There are several benefits to using organic mulch:
- Minimizes soil erosion
- Moderates soil temperature
- Controls weed growth
- Encourages the growth of microorganisms
- Reduces the spread of pathogens
- Conserves soil moisture by reducing evaporation
However, organic mulch also needs to be replaced frequently because it decomposes and is prone to becoming displaced. Additionally, the materials in organic mulch may also create a habitat for pests if placed too close to tree trunks.
Inorganic mulch includes non-living life forms and man-made materials like rocks, plastic sheeting, rubber chips, and geotextiles (also referred to as landscape fabrics).
Even though they do not provide the same nutritional benefits to the soil as organic mulch, there are other benefits associated with its use, including:
- Moisture retention
- Low maintenance
- Doesn’t need to be replaced as often
- Effective in limited weed growth
- Have decorative appeal
There are also some cons to using inorganic mulch, starting with the fact it’s more costly and it may not be appropriate for all sites.
When is mulch generally applied?
Mulch is best applied from mid-to-late spring when annual weeds have not yet germinated and herbaceous plants are dormant.
It can also be applied in autumn as plants are dying back at this point.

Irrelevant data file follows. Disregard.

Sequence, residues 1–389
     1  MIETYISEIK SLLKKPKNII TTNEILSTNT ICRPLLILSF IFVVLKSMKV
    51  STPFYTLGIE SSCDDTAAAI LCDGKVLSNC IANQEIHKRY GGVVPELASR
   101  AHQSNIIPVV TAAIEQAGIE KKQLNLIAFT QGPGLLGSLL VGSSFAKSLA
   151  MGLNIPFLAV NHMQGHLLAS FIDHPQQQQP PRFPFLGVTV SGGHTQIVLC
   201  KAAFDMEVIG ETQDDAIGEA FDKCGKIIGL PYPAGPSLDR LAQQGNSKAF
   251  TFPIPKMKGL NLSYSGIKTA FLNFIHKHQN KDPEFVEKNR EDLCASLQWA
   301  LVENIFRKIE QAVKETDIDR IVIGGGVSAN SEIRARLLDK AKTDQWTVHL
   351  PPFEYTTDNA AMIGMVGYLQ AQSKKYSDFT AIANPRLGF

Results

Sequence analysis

New plants that need to be established can be mulched at any time as long as they can benefit from weed suppression and moisture retention.
But it’s important that you’re mindful about how much mulch you apply.
Excess mulch may cause your soil to be soggy, allowing plant diseases to settle in. If you don’t add enough mulch, it becomes difficult to prevent weeds from pushing through.
According to the Royal Horticultural Society (RHS), mulches need to be between 5cm (2-inches)and 7.5cm (3-inches) thick. That should suffice for most flower beds.
Difference between compost and mulch
Compost is typically mixed with the soil, while mulch is laid on top of the soil.
Compost is particularly effective at providing the soil with essential nutrients and improving the soil’s structure. Mulch is ideal for limiting weed growth, retaining moisture, and minimizing soil erosion.
In other words, they serve distinct purposes in gardening.
It’s important to note, though, that compost can also be used to cover the soil’s surface and act as inorganic mulch but with the bonus of providing the soil with nutrients. But from a technical standpoint – they are fundamentally different.
Compost is organic waste that has been decomposed and mulch can be either organic or inorganic material that is not decomposed.
For example, if you pick up lawn clippings and add them to a compost bin where they decompose and are transformed into fertilizer, those lawn clippings become compost.
If you grab lawn clipping and spread them across the soil around your plants, you are essentially using those lawn clippings as mulch.
Hopefully, with this example, it becomes easy to distinguish compost from mulch.
In this article, we have learned that compost and mulch are used for different purposes.
Compost provides the soil with essential nutrients and thereby promotes the growth of new plants. Basically, it’s a natural fertilizer.
Mulch is used to limit weed growth, conserve the soil’s moisture, and minimize erosion.
You can also look at compost as decomposed organic matter, while mulch is an organic or inorganic material that is undecomposed.